curfew.
The newspapers are reporting an 80 percent drop in tourism to Egypt, which, based on what I saw at the Pyramids on a sunny autumn afternoon, should read more like 95 percent.
There were three young Americans, skinny, bearded and wearing
the obligatory Arafat scarf, there was a Euro-couple celebrating the
end of a Cape Town to Cairo adventure, and a small tour group of Russians
snavelling basement-bargain travel. That’s all.
Forlorn camel owners perked up when they saw us coming, and Giza’s notoriously
overworked and underfed horses were fleet of foot and ready to run. My little
grey mare, Sousou, is surely the fastest pony in Giza.
It’s been a very long time since I rode around the Pyramids in the daylight. Usually, I’d
ride on a full moon, flat out down the plateau at full gallop, breathing in the
cool desert night air. In broad daylight, it’s a whole different ballgame. You
see the stones the size of basketballs that your horse is dodging. You see the
concrete wall that the horses aim for at full tilt, before swerving left to
pass through the exit gate. You see the snarling curs that lick around the
ponies’ hooves, snapping at ankles as you pass.
It’s consoling to know that the Pyramids remain unchanged while Egypt twists and
wrenches itself into a new form. But the lesson from Afghanistan and China is
that you can never take even heroic art and architecture for granted.

Abu Simbel’s time to shine: Egyptian antiquities

At the feet of the gods, Abu Simbel, Egypt. Photo: Belinda Jackson.
There’s a lot of change going on in Cairo at the moment, but some things, thankfully, remain the same. 
Later this morning, the sun will touch the face of King Ramses II in the magnificent Abu Simbel temple, south of Aswan, by the Sudanese border.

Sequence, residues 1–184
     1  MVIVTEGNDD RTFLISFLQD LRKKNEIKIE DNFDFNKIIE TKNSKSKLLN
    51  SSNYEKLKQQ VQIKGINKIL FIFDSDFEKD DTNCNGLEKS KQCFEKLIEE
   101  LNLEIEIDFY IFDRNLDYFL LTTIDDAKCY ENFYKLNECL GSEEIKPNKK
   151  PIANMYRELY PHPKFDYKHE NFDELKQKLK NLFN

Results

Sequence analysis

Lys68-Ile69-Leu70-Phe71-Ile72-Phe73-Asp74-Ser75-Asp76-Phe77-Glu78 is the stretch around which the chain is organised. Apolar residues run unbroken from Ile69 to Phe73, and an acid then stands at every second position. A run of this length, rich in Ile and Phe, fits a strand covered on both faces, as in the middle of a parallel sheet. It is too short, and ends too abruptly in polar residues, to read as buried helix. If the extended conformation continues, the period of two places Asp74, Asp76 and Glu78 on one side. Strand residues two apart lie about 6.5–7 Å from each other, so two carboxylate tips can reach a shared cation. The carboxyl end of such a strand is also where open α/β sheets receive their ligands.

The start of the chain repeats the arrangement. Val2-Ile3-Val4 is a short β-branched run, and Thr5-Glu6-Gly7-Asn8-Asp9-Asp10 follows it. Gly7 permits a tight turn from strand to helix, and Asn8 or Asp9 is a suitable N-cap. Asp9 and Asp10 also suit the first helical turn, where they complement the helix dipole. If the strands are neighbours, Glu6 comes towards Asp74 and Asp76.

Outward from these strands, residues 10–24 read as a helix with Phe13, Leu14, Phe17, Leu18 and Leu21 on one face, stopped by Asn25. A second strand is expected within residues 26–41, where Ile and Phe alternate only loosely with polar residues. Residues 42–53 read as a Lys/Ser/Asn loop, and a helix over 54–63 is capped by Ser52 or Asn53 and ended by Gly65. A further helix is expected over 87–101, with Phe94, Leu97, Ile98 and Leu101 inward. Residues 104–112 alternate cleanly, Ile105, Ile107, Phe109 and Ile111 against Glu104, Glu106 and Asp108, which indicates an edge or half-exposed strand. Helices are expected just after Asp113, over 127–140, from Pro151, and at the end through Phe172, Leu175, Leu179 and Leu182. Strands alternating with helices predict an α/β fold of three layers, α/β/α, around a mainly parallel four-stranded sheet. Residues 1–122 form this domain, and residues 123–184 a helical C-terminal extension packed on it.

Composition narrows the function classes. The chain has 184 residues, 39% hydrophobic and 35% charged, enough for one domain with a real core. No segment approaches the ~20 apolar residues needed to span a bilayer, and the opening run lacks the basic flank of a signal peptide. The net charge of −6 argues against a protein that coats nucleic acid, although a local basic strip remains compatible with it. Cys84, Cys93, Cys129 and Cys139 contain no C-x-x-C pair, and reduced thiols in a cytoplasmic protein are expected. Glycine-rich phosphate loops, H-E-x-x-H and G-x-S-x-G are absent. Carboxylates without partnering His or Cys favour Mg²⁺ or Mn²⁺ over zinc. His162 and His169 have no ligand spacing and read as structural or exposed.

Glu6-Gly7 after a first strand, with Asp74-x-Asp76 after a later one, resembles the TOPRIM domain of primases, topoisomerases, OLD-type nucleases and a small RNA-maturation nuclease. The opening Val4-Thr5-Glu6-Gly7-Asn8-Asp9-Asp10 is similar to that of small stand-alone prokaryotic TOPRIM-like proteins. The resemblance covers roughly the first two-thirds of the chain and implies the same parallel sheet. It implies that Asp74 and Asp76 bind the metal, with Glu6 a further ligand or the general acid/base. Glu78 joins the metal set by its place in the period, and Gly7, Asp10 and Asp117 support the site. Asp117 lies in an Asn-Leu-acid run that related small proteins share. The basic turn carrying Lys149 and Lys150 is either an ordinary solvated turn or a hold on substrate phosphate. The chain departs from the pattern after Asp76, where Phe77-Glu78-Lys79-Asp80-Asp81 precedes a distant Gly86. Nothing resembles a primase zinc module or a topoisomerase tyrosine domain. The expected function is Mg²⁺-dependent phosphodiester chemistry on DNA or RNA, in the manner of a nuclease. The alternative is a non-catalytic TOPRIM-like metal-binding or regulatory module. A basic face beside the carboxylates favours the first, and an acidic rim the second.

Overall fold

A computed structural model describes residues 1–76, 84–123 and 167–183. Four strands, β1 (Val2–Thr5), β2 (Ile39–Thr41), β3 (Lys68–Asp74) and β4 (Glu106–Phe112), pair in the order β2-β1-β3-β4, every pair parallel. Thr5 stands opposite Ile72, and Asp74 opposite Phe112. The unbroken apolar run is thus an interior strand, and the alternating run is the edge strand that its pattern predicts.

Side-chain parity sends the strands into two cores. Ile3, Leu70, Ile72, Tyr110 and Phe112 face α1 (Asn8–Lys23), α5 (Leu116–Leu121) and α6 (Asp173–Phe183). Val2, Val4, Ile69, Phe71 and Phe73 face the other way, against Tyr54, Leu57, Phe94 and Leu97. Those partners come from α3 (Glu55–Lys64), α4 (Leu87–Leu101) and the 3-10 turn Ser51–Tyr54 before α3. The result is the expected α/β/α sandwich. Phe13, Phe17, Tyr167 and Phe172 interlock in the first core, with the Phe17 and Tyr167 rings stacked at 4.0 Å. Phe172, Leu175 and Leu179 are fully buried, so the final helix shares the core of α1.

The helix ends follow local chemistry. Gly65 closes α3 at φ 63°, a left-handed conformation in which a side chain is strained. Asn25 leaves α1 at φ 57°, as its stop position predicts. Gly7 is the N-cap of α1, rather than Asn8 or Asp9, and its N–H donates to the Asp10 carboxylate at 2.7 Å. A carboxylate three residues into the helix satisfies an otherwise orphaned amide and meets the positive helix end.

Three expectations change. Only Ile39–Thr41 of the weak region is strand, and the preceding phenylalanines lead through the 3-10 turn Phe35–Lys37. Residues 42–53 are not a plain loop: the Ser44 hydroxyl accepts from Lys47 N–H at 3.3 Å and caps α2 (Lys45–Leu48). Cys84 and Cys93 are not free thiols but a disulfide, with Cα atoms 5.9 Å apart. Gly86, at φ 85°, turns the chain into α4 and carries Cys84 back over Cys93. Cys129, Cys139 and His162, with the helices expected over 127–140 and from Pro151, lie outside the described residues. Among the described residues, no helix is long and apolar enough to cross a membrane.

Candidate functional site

The temple, built in 1257BC, was constructed so that twice a year, the sun’s rays would shine into the inner sanctuary and light all but the statue of Ptah, the god of the Underworld, reports the Ministry of Tourism today. The two days of the year are October 22 and February 22.
The temple is dedicated to the gods Amun, Ra-
Horakhty and Ptah and also to Ramses, who rather fancied himself as a deity.
You can see a live streaming of the event on www.youtube.com/egypt or on local television, if you’re in Egypt. The phenomenon will occur at 5.53am local time, and last for 20 minutes.

Of dusty plains and no-fly zones: welcome to Cairo!

Sunset over the Nile tonight, Cairo. Photo: Belle Jackson

It looks
like the khamaseen has come early to Cairo this year. The fifty days of dust
storms that scour North Africa usually cover the city’s windows and put the grit in your teeth each
February and March, but a strange cloud hangs over the city and it’s still just
October.
Looking out
from the balcony, airplanes slip quietly through the early morning mist. Their
passing doesn’t seem to happen that often: Cairo’s international airport was pretty
low-key when we came through three days ago, with Singapore Airlines the only
international I spotted: the rest were Egyptair planes, codesharing where the
other big names don’t want to go.
The duty
free shop was bereft of customers, I saw a boarded-up Thomas Cook counter and
the tourism touts could barely raise an eyebrow when I walked past: they know
that most passengers are locals returning for Eid al-Adha, the great feast,
this week. Any tourists are well and truly on organised packages and I didn’t